The Changing “Semiotic Landscape” in Multimodal Culture: A Paradigm for Teaching and Learning, Employing Film, Graphic Narrative, and Commercials
Date of Completion
Multimodality, Semiotics, Multimodal Communication, Film, Graphic Narrative, Commercials
Dr. Eduardo Urios-Aparisi
Dr. Jacqueline Loss
Dr. Roger Celestin
Field of Study
Comparative Literary and Cultural Studies
Doctor of Philosophy
Marshall McLuhan’s assertion that the “medium is the message,” coupled with his understanding of media as holding transformative power, yields an understanding of the increasing significance of multimodal communication and new technologies. Modes of representation and communication have shifted from the audio or visual experience to inherently multimodal. Gunther Kress and Theo van Leeuwen assert that “language and multimedia [are] moving towards multimodal communication.” My dissertation addresses the question of how meaning is created within each medium and ways in which each mode contributes to the overall meaning-making potential. While the visual, verbal, and kinesthetic modes present information differently, they all work together to formulate a “multimodal ensemble”; I examine multimodal ensembles across the media of film, graphic narratives, and commercials. In my conclusions, I will apply multimodal communication to pedagogical practices in order to adapt to the changes in and evolution of literacies. My research draws from multiple disciplines including literary theory, film studies, pedagogy, multimodal discourse analysis, communications and semiotics, proving that the message/meaning is driven by the "complexity of interaction, representation, and communication” (Jewitt 1). Finally, I conclude that multimodal literacy needs to be connected to the multimodal aesthetic experience across cultural, social, and historical landscapes.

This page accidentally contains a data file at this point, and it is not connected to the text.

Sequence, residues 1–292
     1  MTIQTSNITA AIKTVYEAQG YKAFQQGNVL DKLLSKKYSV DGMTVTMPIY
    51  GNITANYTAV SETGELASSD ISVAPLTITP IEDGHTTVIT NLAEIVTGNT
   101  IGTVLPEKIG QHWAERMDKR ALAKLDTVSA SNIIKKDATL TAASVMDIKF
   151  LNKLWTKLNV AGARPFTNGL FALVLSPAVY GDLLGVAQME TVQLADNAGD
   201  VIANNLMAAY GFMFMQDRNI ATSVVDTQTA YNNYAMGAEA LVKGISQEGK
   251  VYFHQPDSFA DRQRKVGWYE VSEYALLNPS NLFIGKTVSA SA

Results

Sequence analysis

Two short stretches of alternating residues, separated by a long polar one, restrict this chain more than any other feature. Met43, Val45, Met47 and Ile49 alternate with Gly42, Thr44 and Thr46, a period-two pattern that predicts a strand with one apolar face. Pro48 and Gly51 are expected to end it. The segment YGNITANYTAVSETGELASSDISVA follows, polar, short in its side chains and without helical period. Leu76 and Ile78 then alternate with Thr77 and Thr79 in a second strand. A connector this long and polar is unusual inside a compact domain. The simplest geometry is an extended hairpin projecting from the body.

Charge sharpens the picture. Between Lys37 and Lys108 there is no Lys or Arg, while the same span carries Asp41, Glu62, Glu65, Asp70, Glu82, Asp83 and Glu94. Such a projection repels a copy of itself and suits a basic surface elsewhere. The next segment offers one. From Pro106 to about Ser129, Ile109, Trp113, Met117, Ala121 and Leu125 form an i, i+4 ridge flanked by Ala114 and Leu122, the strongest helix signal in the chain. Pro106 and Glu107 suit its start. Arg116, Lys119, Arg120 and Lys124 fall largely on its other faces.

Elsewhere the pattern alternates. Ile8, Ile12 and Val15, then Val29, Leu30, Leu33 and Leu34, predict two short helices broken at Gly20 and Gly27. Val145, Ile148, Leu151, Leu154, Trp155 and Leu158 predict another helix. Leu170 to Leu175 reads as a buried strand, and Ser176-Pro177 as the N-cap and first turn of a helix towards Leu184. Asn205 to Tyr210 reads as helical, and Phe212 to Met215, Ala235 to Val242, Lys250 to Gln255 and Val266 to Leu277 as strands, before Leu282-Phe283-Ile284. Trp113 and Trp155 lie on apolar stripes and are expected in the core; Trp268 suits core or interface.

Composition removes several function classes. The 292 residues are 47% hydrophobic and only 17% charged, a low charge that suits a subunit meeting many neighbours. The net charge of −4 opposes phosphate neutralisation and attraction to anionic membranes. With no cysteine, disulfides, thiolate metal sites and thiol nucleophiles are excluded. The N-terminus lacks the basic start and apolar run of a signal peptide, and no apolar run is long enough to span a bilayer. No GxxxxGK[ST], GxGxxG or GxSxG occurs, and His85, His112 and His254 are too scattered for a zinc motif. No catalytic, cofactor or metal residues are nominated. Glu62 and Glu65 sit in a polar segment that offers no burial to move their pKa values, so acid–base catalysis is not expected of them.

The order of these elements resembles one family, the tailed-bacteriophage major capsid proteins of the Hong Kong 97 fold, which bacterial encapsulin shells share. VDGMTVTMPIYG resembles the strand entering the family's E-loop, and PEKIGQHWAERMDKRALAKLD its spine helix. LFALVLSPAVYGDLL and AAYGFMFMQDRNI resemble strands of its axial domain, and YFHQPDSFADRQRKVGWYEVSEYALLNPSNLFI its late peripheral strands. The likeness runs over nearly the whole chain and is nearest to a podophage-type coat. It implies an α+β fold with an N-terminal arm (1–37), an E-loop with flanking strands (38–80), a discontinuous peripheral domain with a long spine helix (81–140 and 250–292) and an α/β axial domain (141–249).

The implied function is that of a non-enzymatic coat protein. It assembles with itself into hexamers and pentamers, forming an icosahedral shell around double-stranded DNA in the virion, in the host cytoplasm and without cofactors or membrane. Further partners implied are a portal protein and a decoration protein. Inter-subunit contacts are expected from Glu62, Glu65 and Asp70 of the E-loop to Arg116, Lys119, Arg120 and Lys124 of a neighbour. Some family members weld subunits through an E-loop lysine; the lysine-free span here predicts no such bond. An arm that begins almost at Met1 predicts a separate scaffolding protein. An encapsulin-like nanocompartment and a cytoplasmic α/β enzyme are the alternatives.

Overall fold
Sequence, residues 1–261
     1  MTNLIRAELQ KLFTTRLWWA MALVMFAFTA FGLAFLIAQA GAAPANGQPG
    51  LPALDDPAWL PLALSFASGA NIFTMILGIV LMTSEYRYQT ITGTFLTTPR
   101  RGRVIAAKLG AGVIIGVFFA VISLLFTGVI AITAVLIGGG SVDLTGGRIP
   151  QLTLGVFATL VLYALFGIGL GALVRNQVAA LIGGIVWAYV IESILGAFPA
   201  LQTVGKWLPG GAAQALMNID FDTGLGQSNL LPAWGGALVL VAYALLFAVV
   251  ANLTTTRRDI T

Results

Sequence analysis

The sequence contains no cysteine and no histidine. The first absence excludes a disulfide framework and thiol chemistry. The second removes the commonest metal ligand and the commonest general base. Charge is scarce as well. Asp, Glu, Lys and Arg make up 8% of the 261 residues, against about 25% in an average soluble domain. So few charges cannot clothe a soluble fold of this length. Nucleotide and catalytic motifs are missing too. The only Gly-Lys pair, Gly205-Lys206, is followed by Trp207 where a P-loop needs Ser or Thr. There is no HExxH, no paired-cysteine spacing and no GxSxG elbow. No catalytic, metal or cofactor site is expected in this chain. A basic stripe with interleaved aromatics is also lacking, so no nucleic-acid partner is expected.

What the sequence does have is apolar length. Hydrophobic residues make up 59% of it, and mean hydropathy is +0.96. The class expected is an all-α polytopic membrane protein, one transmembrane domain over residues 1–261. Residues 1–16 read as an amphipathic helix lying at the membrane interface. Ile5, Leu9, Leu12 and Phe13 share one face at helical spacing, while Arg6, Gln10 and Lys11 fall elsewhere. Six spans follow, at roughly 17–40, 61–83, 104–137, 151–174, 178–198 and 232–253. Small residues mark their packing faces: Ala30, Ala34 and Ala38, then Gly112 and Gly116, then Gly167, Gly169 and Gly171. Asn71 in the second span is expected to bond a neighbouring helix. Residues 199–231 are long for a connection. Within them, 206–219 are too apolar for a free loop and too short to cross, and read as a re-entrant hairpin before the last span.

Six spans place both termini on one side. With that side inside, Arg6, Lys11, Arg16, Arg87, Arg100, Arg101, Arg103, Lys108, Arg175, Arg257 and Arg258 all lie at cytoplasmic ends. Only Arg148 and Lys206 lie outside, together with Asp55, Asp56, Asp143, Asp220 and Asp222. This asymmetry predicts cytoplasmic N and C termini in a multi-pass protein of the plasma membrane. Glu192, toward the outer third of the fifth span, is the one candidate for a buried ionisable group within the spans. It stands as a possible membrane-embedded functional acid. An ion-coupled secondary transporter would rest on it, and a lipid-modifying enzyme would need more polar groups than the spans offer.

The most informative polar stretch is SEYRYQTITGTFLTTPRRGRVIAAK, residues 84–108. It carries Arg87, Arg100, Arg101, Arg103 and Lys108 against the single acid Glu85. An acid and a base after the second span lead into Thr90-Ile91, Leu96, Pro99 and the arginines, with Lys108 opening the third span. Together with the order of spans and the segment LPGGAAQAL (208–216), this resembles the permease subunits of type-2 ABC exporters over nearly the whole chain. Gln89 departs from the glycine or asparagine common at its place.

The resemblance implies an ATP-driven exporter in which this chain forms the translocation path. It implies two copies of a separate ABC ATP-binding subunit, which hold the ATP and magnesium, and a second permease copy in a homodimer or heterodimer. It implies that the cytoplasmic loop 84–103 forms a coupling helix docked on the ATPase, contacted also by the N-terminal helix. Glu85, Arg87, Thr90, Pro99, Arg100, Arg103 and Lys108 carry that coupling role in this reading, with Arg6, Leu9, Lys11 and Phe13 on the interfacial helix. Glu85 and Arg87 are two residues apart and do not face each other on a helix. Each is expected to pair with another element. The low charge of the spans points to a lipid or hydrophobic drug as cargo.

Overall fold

Simmons, Candice G., "The Changing “Semiotic Landscape” in Multimodal Culture: A Paradigm for Teaching and Learning, Employing Film, Graphic Narrative, and Commercials" (2017). Doctoral Dissertations. 1548.